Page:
Fostering Women Leaders – The Journey of a Female QIT President
Zarina, 49, is a mother of seven children, and lives in the village Ranjhapur Bariro in district Jacobabad, Sindh. Her husband Nazeer Ahmed is a watchman in a local school.
Zarina is the president of the Quality Improvement Team formed by Save the Children under the Integrated Maternal, Newborn and Child Health (IMNCH) project at Rural Health Centre (RHC) Mirpur Bariro. The QITs were formed to actively engage the local community and serve as a platform between the community and local health facilities to bridge the gap between community expectations, and the actual supply of health services.
Zarina has always been active in social work, especially for her village. She works as a volunteer to support her community with support of different organisations, including the Sindh Rural Support Organisation (SRSO) and now, Save the Children. Due to this exposure, she had a general idea about the dismal state of health provisions in her village.
“Zarina facilitated many women to run small businesses at community level, and SRSO provided small grants worth PKR 470,000 in her village,”says Musarrat, a senior official of SRSO.
Zarina has first-hand experience about the lack of health services of pregnant women and children in her village. Some of her closest friends and female relatives passed away during delivery at home, because they couldn’t afford to go to a hospital or get medicines. Her village is very far from the health facility and the local transport costs about PKR 500 (USD 5 approximately) to reach there. Zarina came to know about Save the Children’s intervention when her neighbour Jameela visited RHC Mirpur Bariro as she was facing some complications during her pregnancy, but had to return without a check-up because there was no ultrasound machine at the facility. When Zarina got to know about Save the Children’s involvement, she visited the facility and came to know that the project team was forming QITs to involve the local community. She also volunteered to become a member of the team.
While Zarina appreciates the focus on repair and renovation of health facilities, she is particularly happy about the inclusion of females, transgender and Persons with Disabilities (PwD) from the community. Sensitising the QITs towards inclusion has been a slow and tedious process – trainings were conducted on gender and disability inclusion, women were counselled and encouraged to speak up and male members were sensitised. When asked if women actively participate in the decision making process within QITs, Zarina said:
“In the beginning, QIT’s male members used to treat us like all men do. The women mostly remained silent, but after our QIT was sensitised on gender inclusion, things changed. We (women) started participating more and sharing our opinions during meetings. This participation has also started reflecting at community level now.”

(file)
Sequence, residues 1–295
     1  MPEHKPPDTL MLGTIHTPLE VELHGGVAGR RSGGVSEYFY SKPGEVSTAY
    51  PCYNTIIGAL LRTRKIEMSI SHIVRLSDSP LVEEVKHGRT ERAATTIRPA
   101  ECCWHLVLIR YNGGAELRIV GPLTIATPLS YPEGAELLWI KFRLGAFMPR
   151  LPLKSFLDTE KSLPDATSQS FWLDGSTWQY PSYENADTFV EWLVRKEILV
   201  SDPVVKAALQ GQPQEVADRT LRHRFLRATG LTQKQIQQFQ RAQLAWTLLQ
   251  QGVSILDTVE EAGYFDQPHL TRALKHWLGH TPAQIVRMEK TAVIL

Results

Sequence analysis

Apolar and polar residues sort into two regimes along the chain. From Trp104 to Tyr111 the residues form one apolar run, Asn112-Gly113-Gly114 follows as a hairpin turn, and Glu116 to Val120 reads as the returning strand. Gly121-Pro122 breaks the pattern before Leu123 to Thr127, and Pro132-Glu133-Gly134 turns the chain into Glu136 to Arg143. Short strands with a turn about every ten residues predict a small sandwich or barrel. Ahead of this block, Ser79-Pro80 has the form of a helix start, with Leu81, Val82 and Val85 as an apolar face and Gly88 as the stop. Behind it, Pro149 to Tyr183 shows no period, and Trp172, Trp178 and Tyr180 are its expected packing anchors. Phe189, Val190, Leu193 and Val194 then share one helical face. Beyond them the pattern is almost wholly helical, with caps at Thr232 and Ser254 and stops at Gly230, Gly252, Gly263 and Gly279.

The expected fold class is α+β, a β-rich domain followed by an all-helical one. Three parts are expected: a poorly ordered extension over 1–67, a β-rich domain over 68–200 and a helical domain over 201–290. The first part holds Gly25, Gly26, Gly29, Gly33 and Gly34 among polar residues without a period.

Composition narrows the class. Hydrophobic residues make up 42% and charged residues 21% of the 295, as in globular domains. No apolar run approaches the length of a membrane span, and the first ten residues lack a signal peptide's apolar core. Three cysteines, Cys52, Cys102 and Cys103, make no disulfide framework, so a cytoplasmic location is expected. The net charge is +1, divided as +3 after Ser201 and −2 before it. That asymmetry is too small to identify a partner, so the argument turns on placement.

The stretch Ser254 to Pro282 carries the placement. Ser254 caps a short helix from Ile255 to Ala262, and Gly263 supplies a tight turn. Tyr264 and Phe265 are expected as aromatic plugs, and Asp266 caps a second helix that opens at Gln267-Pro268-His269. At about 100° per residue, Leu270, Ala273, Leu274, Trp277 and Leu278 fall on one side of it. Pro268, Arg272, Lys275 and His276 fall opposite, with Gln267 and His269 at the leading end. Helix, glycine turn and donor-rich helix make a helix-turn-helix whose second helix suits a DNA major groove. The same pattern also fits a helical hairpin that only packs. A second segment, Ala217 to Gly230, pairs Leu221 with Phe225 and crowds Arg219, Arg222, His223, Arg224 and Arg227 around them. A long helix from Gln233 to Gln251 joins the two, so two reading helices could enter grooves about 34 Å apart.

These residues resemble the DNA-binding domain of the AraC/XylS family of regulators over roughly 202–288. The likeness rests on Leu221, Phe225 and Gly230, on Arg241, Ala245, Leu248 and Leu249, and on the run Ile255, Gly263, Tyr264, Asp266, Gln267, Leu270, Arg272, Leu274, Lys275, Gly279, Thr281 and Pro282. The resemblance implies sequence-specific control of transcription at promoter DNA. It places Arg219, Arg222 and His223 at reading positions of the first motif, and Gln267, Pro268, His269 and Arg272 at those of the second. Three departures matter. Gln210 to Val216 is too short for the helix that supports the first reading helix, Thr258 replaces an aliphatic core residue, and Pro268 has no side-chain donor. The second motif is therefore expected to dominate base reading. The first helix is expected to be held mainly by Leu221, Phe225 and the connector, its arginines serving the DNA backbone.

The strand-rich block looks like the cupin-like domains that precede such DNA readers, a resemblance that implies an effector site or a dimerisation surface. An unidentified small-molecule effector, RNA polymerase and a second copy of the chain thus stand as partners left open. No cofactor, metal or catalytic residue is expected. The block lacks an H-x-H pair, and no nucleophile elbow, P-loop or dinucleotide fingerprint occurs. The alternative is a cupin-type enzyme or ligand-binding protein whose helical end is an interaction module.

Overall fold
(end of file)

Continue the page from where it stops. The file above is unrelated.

Zarina is happy to see many positive changes at the facility after the intervention. The facility provides maternal services now, with support of Skilled Birth Attendants deployed by Integrated Health Services (IHS) for both evening and night shifts. The labour room is fully functional and all medicines are provided free of cost. Ramps, accessible bathrooms, railing and wheelchairs have been provided for PwD. The QIT is very active, and it meets on the 12th of every month to do action planning. The fact that a woman is in the lead decision making role at the QIT has also greatly changed the perception of the community towards female participation.
“We, the women, now speak with men at homes. We have started discussing issues at village level, and except a few, the perception of many families in our villages is changing in terms of women participation. See! You (Save the Children, male team member) are a man and sitting inside my home with your fellow colleagues, but earlier, this was not possible. When my husband will come, I will tell him that someone from Save the Children came over to discuss QIT’s issues and he will consider it normal.”
As the QIT’s president, Zarina is working to make the facility even better for the community. She says that the women members of the team have greatly emphasised the need for an ultrasound machine, functional ambulance and provision of electricity in waiting areas. The IMNCH project team is already collaborating with the QIT to fulfil these demands and has also linked the district management with facility management teams for long-term coordination and sustainability. While discussing what changes she would like to see more for women, she emphasised on hygiene promotion. She says:
“The environment where we live in is not clean and people need more sensitisation on the use of latrine. Personal and domestic hygiene needs to be improved further. It would solve a lot of health related problems for people. I also wish that Save the Children would start menstrual hygiene interventions in our community.”